Forum for Science, Industry and Business

Sponsored by:     3M 
Search our Site:

 

Scientists back the use of maize as an efficient ‘factory’ for protein-based pharmaceutical products

26.05.2008
Scientists from the Universidad de Lleida (University of Lleida) have published a study confirming that maize seeds are an effective and sure platform within molecular agriculture to alleviate diseases.

Over the next few years AIDS could be one of the first diseases to benefit from these results, although regulations for this technology are being developed at the same time as research is being undertaken.

Maize, the third most important cereal in the world, has a great number of advantages for molecular agriculture. Among these are its physiology, its capacity to express recombinant proteins in the seeds, its widespread cultivation and its genetic diversity, as well as being anti-allergenic and non-toxic.

Last March, transgenic maize became the first plant to be developed commercially for medical use. The PNAS review published the following findings: a maize seed with genes from the 2G12 antibody (already known for its capacity to neutralise infection from the virus) could produce antibodies against the transmission of HIV. Researchers from the Departamento de Producción Vegetal y Ciencia Forestal [Department of Plant Production and Forest Science] at the Universidad de Lleida, were those who actually designed this drug during an international project known as Pharma-Planta (made up of 39 European and South African teams), and headed by the British man Paul Christou.

Currently, the same team of scientists from the Universidad de Lleida who took part in this research have put forward in the review Plant Science “a more practical and productive approach to evaluate the ecological and toxicological risks, in which a scientific problem refers to a significant, final evaluation, and the hypotheses of risk predict effects in which the final evaluation is not a transformed plant, but the product resulting from that plant”, Paul Christou explains to SINC.

According to the researchers, the use and genetic modification of plants for the production of protein-based drugs is useful for the treatment, prevention and early detection of human and animal diseases, as well as for the production of vaccines against tuberculosis, diabetes and rabies. Paul Christou states that “In the last two decades, plants have been shown to be an excellent alternative for the production of medicines in laboratory research”.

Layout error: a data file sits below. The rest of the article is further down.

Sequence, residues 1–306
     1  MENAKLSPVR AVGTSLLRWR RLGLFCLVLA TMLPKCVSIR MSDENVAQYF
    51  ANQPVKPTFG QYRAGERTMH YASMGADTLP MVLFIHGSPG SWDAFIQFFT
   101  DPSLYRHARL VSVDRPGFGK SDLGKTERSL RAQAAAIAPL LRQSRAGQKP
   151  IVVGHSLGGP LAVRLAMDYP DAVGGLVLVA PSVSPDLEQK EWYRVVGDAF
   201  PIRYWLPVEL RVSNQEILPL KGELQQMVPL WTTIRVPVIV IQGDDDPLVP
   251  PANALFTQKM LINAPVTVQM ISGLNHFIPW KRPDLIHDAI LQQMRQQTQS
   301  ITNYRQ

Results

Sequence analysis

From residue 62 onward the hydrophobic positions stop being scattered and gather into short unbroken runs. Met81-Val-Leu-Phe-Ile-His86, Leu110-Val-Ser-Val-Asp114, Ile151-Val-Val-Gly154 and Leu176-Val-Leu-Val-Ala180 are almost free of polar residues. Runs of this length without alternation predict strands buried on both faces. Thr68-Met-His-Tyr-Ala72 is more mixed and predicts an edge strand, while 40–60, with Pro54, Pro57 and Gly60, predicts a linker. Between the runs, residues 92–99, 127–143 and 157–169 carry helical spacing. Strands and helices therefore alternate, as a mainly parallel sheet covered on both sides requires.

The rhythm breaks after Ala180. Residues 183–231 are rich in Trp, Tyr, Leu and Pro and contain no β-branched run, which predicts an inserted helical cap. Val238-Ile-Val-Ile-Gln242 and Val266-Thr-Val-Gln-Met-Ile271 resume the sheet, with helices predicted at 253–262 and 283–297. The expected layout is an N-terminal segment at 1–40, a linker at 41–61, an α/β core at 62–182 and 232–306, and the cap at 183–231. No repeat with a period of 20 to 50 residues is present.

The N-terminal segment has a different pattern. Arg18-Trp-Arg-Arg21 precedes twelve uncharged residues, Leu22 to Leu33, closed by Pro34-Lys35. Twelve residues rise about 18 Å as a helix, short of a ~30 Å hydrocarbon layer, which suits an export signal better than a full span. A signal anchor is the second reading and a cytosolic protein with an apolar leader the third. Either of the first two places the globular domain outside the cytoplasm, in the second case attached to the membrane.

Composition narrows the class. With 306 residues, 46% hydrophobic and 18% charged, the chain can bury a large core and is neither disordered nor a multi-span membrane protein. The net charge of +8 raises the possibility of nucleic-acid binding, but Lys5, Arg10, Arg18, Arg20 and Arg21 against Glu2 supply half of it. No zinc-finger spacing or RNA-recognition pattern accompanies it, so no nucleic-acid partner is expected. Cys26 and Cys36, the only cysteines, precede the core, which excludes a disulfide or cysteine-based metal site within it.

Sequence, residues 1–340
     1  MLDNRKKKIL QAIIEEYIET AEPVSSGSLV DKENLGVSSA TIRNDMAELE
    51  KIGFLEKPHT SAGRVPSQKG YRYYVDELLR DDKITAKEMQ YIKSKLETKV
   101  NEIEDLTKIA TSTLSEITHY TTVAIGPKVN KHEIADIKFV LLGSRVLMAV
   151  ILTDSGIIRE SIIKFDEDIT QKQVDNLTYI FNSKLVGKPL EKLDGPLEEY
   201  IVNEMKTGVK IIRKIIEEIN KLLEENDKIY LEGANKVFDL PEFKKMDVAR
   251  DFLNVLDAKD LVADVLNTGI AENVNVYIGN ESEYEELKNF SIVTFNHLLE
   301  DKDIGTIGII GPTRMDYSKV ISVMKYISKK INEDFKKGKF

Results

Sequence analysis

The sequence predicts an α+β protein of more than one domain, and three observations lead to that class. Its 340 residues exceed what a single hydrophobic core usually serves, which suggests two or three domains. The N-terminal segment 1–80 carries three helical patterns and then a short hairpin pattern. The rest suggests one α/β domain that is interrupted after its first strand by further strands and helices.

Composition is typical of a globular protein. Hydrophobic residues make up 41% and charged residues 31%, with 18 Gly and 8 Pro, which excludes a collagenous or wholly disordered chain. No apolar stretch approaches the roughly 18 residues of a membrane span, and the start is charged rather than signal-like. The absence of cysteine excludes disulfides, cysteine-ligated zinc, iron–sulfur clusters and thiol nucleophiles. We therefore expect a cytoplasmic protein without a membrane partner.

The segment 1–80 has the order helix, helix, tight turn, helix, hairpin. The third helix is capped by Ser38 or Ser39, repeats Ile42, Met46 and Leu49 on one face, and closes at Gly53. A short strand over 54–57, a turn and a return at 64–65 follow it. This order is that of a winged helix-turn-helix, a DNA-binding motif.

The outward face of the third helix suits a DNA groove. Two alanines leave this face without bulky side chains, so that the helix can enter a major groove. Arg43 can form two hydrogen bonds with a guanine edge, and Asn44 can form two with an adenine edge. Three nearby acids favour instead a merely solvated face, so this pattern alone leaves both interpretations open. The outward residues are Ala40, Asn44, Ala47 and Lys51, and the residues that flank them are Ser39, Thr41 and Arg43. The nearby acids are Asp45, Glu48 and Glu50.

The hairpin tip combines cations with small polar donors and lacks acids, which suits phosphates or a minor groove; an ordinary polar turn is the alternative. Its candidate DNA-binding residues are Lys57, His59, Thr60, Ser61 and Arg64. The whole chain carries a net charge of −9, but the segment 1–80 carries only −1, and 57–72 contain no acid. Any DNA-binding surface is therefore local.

Until now, conventional methods using microbial systems and animals have been used in the production of drugs and involve high costs and limits in terms of safety and stability. Amongst other things, excessively high prices prevent the people in most need from accessing pharmaceutical drugs, as the study shows. “Plants offer a solution to the problem because pharmacological production using maize is cheaper”, Paul Christou points out to SINC. Paul Christou is also a member of the European Union Expert Committee on Food Safety.

In addition to the price, the proteins produced in maize seeds can remain intact for many years without the need for refrigeration, thus enabling vaccines to be delivered to countries such as those situated in the Tropics and Sub-Saharan Africa.

Risks that plants can present

The risks of the open farming of plants for the production of molecules for pharmaceutical use relate to their impact on the environment through the gene flow, and their impact on the health of animals and humans through inadvertently consuming these. The research team has decided that the regulation processes “should be applied in proportion to the risks of each individual case”, as some plants farmed for the production of pharmaceutical drugs are harmless and others vary in their toxicity. In every case a level of risk acceptance has to be established in order to avoid the consequences of any possible exposure.

Paul Christou points out that “the gene flow per se should not be considered “bad” for the environment”. He asserts that should this be developed on a commercial basis (anticipated within the next five years), all pharmacological production of maize will be undertaken in specialised locations, “where any risk of gene flow will be unlikely”.